More Than A Fiscal Agent
Wednesday’s soothing words on inflation from Fed chair Jay Powell seemed a distant memory after Friday’s blockbuster employment report. The market liked hearing that , “…the disinflationary process has started.” More relevant now is his warning that, “The historical record cautions strongly against prematurely loosening policy.” Investors are Confronting Asymmetric Risks, as we noted on Wednesday.
Lost among the inflation questions was Powell’s reminder that the Federal Reserve is Treasury’s “fiscal agent.” This was in response to a question about the debt ceiling and whether the Fed had done its own “analysis of any legal constraints” that might impede or affect its actions during the fiscal brinkmanship that would accompany a stand-off over raising the debt ceiling.
A refusal by Congress to authorize more borrowing is a crisis of its own making, a rare but significant error in the US constitution. Whenever Congress approves spending it’s axiomatic that includes the intent and ability to pay for it, through taxes, borrowing or asset sales. The debt limit should be raised by whatever’s necessary to fund spending that’s been approved. The refusal by Congress to treat the two issues as one may one day lead us all off a fiscal cliff led by miscalculating innumerate Tea Party Republicans.
The Fed is much more than Treasury’s fiscal agent. They are the biggest holder of US government debt ($5.4TN), a position they’re unlikely to exit in the foreseeable future. In total, central banks own $8.3TN is US debt, almost 40% of the total. When long term bond yields stubbornly fail to rise to levels that might induce purchases from a return-oriented investor, it’s because the biggest holders have non-commercial objectives. Foreign central bank holdings have been stable in absolute terms but falling as a percentage of debt outstanding because, well, there’s a lot more debt.
Warnings of US fiscal catastrophe have been around for at least as long as my 43-year career. A perpetual trade deficit creates lots of dollars needing a home, and a fiscal deficit creates lots of debt seeking buyers. It is to the benefit of US taxpayers that this benign symmetry has resulted in persistent demand for treasuries. We should hope it continues.
Low or negative real yields are the savior of profligate governments. Elevated inflation has temporarily slashed the real cost of financing our debt. Fed policy has been to ensure such a benefit is fleeting. 2% inflation is not the optimal policy for our fiscal outlook, and positive real rates won’t help. The only time in living memory when there was political consensus to improve our fiscal balance was in the early 1990s when ten year notes yielded as high as 8%. Since then, the tangible costs of profligacy have receded, along with any political gain to be had from tackling it.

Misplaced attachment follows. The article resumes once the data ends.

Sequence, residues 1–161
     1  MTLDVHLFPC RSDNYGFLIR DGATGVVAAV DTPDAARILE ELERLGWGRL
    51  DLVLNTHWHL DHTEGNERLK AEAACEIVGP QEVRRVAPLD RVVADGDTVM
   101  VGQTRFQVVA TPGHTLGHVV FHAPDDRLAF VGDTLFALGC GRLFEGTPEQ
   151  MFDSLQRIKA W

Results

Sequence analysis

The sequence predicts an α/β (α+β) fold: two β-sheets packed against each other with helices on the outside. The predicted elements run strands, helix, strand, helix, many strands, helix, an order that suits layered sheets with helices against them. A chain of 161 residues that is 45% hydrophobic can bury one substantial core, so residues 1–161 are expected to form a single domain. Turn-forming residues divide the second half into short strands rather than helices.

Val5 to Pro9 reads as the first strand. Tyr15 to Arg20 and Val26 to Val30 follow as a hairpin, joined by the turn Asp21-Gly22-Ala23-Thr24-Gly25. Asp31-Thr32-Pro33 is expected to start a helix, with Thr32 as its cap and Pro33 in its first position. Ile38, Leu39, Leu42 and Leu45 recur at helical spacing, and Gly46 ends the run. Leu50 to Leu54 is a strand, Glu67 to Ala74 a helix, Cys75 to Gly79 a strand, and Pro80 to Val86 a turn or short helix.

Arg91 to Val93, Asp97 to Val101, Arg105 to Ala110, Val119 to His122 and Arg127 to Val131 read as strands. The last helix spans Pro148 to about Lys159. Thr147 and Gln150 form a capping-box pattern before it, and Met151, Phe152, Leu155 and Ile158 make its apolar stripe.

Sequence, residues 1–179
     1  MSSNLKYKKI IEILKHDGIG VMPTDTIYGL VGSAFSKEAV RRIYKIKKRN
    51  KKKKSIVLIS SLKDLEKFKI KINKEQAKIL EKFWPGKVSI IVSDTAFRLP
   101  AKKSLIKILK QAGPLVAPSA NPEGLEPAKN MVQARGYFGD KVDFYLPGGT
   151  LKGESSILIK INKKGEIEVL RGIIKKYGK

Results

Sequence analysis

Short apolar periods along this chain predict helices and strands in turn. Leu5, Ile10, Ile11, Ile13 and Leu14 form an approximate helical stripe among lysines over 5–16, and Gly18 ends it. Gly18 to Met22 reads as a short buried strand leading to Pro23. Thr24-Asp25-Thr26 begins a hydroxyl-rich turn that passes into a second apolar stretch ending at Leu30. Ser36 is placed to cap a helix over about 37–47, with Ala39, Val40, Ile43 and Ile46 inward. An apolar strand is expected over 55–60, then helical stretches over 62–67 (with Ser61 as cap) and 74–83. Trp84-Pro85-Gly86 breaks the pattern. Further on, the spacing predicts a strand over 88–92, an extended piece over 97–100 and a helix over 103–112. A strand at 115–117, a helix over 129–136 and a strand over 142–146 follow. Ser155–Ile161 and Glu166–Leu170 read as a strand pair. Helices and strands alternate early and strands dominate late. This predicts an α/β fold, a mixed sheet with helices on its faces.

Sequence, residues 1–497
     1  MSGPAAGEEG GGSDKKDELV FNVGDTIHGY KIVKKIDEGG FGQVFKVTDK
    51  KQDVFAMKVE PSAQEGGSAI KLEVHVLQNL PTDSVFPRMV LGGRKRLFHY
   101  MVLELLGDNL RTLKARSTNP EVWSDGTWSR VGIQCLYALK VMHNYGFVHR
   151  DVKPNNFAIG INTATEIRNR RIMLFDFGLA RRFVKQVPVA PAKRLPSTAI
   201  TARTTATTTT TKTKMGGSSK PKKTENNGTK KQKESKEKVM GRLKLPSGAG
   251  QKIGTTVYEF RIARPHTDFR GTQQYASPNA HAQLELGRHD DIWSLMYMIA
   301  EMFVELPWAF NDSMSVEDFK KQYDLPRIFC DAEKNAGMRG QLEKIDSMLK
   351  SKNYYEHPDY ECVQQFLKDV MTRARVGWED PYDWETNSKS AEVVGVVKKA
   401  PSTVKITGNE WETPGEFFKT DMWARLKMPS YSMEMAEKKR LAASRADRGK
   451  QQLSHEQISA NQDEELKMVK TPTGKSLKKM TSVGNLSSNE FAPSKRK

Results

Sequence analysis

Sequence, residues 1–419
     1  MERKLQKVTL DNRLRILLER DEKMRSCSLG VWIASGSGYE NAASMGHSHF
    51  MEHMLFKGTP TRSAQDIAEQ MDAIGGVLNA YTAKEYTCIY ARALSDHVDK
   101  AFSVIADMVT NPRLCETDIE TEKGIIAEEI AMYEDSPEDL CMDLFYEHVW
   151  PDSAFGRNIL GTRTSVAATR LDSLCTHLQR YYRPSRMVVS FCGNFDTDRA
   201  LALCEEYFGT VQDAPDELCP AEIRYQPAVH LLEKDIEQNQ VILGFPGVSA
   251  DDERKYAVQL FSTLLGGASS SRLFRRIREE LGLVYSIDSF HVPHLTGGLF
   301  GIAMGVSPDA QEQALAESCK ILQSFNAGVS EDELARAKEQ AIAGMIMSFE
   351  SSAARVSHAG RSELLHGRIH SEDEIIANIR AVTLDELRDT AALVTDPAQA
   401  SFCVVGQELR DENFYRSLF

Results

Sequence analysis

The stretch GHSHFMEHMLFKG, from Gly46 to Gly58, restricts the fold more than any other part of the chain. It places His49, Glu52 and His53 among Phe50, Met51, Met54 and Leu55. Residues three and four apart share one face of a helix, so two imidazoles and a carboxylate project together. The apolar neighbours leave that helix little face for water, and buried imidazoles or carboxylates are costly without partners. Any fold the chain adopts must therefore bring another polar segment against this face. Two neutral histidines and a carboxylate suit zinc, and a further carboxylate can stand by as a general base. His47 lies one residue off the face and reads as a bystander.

The Congressional Budget Office (CBO) publishes extensive information on our fiscal future complete with charts and figures that leave little room for optimism. A couple of years ago we noted the surprisingly low cost of financing in their projections (see Inflation – Back By Popular Demand).
In subsequent revisions, the real cost of financing has moved up by almost 1% over the next decade. The CBO’s long term inflation outlook is unchanged, but by last July tighter monetary policy had raised the cost of new debt issuance above what the CBO was forecasting in 2021. It’s likely that the next long term budget outlook from the CBO will project even higher real rates.
The Federal Reserve has considerable influence on fiscal policy because of Quantitative Easing (QE), although Jay Powell would prefer not to concede this. Because QE keeps bond yields lower than they would otherwise be, it dampens the concern about fiscal profligacy that the market would otherwise communicate. The CBO and numerous private forecasts are out there for all to see, but QE constrains the urgency. It’s doubtful that we would have had a balanced budget in the 1990s (albeit for one year) if QE had been employed then.
Monetary policy also directly impacts the cost of issuing new debt. The average interest rate paid by the US government has risen quite sharply in the past year. The longer tight policy is required, the worse our fiscal outlook will become. The Fed will continue to pursue their dual mandate, but a graceful exit from QE is probably necessary to generate serious concern about skyrocketing Debt:GDP. Legislating limits on QE would help but is unlikely.
Higher inflation is the only long-term solution to our slowly developing fiscal catastrophe. It’s hard to keep real rates negative when inflation is only 2%. This is why we’re invested in the energy sector.
We have three funds that seek to profit from this environment:
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